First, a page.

You say you have other commitments ("groups I run" and such), which apparently make you unavailable a lot: were you clear about what days/hours you could work BEFORE you accepted this job? Or, like my parttimer, did you sort of accept this job under false pretenses, by telling them when you were hired that you were available more often than you are actually willing to work?
posted by easily confused at 7:03 PM on January 16, 2012

Response by poster: easily confused: The dates I was available, as well as unavailable, were documented and added into the system at the time of hire. My illness was just another layer in this cake. I took the job with the intent to do what I said. They up front told me to fill in what I needed off. Sorry about your person.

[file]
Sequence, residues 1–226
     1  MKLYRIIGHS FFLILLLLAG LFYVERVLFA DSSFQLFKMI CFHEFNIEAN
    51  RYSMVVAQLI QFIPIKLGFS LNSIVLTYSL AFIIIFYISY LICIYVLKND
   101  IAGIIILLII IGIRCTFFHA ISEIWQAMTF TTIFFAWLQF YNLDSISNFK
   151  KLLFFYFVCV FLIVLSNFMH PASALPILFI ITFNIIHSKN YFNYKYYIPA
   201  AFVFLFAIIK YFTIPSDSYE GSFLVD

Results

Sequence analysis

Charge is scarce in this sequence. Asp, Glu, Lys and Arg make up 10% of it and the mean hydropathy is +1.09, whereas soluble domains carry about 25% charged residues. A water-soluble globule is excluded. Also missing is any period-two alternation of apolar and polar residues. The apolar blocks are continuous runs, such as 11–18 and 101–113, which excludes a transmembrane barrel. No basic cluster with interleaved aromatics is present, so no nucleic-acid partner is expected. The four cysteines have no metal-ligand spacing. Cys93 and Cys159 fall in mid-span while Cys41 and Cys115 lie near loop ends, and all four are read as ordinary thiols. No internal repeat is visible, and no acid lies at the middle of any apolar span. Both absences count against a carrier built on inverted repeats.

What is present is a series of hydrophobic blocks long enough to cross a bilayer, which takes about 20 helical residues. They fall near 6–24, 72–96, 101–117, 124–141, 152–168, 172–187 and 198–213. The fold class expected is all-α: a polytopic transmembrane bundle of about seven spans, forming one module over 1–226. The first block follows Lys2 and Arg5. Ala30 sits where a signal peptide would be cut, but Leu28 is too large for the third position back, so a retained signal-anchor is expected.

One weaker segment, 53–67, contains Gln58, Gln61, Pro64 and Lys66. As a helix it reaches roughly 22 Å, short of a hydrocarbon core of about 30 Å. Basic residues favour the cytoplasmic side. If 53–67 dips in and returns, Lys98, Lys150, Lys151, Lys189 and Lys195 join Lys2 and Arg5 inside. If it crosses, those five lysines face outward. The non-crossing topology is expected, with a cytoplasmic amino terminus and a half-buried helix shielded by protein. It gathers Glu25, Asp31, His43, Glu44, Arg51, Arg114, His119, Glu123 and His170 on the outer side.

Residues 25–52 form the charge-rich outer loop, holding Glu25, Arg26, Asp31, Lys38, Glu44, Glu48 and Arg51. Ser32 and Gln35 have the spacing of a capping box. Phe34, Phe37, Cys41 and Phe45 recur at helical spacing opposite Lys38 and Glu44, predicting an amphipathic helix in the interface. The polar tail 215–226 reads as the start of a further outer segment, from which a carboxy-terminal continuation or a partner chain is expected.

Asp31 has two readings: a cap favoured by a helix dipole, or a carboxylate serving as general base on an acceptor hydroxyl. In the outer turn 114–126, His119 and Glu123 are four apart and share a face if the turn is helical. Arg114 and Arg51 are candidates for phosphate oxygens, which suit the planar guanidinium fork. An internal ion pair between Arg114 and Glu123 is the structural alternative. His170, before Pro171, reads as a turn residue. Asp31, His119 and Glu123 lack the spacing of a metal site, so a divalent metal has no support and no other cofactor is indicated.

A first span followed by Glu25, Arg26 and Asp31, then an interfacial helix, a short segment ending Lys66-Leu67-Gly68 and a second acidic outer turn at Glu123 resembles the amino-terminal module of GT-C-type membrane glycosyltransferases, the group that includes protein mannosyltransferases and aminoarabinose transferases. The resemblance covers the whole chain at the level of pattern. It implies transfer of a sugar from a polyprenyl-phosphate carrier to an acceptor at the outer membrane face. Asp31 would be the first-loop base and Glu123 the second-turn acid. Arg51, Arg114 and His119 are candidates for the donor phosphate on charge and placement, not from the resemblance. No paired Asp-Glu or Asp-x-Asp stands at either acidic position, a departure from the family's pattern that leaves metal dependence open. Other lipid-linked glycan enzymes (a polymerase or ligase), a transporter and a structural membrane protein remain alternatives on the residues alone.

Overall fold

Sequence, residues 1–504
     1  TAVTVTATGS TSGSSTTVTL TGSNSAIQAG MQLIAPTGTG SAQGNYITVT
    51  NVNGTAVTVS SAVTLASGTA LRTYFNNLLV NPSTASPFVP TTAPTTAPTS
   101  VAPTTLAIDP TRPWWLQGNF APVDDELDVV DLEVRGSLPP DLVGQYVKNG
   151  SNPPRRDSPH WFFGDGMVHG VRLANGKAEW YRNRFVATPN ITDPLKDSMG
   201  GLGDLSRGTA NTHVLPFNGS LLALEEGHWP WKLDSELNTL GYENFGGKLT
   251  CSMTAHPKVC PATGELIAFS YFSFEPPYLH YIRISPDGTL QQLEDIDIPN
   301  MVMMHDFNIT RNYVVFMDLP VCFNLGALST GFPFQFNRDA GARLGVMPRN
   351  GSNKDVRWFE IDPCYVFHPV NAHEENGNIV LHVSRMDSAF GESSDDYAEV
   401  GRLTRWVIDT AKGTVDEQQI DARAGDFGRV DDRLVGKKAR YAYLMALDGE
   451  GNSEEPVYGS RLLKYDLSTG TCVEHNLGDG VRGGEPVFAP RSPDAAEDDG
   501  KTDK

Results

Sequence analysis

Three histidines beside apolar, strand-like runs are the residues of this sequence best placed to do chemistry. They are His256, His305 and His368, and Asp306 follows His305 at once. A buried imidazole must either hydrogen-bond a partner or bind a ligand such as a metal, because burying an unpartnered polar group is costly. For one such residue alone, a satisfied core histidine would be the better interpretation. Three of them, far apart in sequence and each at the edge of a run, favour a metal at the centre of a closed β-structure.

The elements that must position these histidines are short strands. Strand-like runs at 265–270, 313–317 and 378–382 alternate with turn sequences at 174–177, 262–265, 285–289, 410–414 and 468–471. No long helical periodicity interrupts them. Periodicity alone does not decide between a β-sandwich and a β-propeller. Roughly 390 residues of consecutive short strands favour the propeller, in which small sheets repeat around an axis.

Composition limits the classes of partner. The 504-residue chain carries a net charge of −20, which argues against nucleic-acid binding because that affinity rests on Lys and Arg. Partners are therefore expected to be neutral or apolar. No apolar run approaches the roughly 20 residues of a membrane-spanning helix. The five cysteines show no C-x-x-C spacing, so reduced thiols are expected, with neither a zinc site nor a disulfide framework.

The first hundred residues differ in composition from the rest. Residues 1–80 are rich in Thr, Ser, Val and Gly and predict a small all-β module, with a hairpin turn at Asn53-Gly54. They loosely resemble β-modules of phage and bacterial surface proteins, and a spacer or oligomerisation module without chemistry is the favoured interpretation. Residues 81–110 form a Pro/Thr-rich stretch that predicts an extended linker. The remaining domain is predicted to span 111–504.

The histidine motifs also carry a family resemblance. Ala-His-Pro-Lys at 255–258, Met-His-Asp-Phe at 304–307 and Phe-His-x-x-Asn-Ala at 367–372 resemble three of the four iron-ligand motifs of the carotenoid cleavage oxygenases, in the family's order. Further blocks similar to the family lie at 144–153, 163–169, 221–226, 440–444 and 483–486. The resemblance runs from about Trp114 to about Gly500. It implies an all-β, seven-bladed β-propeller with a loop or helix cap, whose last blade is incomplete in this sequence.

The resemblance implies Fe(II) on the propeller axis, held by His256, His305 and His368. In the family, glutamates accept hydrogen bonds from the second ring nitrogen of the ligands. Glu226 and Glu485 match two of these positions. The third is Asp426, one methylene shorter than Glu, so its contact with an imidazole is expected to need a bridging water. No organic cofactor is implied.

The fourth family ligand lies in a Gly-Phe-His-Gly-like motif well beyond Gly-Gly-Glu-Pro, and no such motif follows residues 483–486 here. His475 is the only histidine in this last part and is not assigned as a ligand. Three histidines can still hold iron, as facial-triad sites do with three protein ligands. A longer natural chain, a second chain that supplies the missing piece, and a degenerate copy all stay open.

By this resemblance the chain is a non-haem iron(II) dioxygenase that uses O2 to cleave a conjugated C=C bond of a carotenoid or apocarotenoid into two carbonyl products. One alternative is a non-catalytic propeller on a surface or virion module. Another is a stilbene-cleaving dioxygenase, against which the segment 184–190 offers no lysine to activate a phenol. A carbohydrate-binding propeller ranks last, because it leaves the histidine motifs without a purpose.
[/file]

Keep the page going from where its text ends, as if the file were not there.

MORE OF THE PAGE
I keep thinking that going in to politely talk to them would be more adult than just calling off/ blowing them off, even if it makes me a pain and high-maintenance. A couple of you have stated they don't care and I am expendable and they will throw me away anyway.
posted by Prairie at 7:25 PM on January 16, 2012

I suspect that the time you have taken off for medical reasons is eating into the time you have requested off for personal events. Unfortunately, I doubt this is an ADA issue. My guess is that you have, say, 10 days you can request off for any reason, sickness or personal. After you've used your 10th day, they may make exceptions for taking days 11-15 off if accompanied by a doctors note AND if that is required for compliance with corporate policy and legal regulations. I can't imagine that they are obligated to give you days 11-15 off for personal reasons, even if you had taken days 1-10 off for legitimate sickness reasons.